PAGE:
Above: Tyne Cot Cemetery as recorded by Sidney Hurst in Silent Cities, published in 1929 and the same view today.
During the fighting at Passchendaele the 5th Scottish Rifles established a dressing station in a captured German pillbox and christened it Tyne Cot (probably because it reminded them of a cottage, Cot being short for cottage). The Battalion History describes Passchendaele as a desolate place:
'What a place! Dead everywhere! No time to bury men here and no place to lay them either, for miles around. Shell holes everywhere, filled with foetid water and mud. What a stench! We will surely lose our sense of smell this tour!...What a life! What an existence! How does anyone survive?'
The history goes on to describe Tyne Cot dressing station:
'All around lay the dead still unburied. Desolation everywhere! Never before or since have we experienced anything like it. It looked as if we should be there for some time so our First Aid post men, Smith, Miller and Nunn, commenced burying the dead with the aid of the pioneers. Strange to relate, shells ceased to drop on this sacred spot. We buried many, Canadians, Australians and Germans predominating. Some had no identity disks, but all got a small wooden cross of sorts'.
The 5th Scottish Rifles dressing station - 'Tyne Cot'. Two German pillboxes can still be seen in Tyne Cot today and the cross of sacrifice is built over another, a site apparently suggested by King George V and probably the one in the above photograph.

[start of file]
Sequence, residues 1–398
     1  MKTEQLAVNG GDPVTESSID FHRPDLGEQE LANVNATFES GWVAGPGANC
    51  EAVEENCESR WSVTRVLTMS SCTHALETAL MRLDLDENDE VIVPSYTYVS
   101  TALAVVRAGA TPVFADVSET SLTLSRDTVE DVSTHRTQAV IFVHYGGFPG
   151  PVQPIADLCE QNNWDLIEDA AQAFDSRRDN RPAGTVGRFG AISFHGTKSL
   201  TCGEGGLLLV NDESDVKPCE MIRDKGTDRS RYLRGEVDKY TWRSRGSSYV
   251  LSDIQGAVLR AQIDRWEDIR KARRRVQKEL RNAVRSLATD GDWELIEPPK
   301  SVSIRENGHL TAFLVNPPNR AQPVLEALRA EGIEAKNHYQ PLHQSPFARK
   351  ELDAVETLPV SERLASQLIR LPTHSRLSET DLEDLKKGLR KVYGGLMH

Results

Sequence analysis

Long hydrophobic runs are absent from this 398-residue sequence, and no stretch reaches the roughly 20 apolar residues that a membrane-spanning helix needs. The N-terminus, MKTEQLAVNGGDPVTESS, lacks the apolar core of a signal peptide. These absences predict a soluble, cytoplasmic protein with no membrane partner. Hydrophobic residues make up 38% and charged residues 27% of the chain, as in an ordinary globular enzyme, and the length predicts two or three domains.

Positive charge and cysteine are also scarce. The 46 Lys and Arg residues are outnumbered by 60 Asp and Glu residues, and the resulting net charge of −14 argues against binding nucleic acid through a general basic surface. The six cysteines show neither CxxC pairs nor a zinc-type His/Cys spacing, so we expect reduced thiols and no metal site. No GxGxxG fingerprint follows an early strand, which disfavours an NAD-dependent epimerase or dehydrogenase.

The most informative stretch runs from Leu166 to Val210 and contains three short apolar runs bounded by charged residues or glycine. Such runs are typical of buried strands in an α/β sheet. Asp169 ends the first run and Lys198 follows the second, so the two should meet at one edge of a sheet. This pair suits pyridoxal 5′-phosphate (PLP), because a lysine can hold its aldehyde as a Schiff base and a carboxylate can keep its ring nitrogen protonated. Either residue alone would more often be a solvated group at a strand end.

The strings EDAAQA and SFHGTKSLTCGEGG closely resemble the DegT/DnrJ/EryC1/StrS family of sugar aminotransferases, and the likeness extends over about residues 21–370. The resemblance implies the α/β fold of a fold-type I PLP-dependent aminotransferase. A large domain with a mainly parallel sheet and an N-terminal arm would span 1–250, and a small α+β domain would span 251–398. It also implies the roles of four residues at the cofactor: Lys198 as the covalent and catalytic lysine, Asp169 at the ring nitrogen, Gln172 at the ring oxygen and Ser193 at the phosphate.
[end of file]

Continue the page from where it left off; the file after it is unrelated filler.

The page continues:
In the late afternoon light, after the last school coach had left, we had the place to ourselves.
Above: Tyne Cot - one of the German bunkers can be seen in the top image, while the Cross of Sacrifice is built over another.
Langemark is the only German cemetery in the salient, and although smaller than Tyne Cot in area, it contains many more burials. In total, there are 44,061 burials concentrated from many smaller cemeteries, with a mass grave containing 24,917 burials and elsewhere each grave marker shared by as many as eight bodies.
Above: Langemark German cemetery. Bottom photo is one of the many original German cemeteries in the Salient at nearby Terhand and probably concentrated to Langemark. The 'memorial' tower was actually a disguised concrete observation post.
Many German students died in the area on 23 October 1914, and it is often known as the Studentenfriedhof, with the battle called the Kindermord - the Massacre of the Innocents. The area was heavily fought over in the other battles in salient, with Langemark reduced to rubble.
Above: Langemark Chateau before the war and in 1919 (the pile of rubble in the background).
Above: Langemark Cemetery. Apparently, one of the terms of the Versailles Treaty was that all German crosses had to be in black to indicate German guilt in starting the war - this does give German cemeteries a somewhat depressing feeling to visit. Remains of German bunkers can be seen in the cemetery, with the memorial blocks between them reminding me of a line of anti-tank cubes as can be found on Suffolk's beaches as part of the WW2 anti-invasion defences!
We also visited a German cemetery near Wambrechies, north-west of Lille, which contains 2,348 burials. Don't know much about it, but it was presumably a main German casualty dressing station and presumably contains some who died of wounds during the fighting in the Salient.
Above: Wambrechies German cemetery.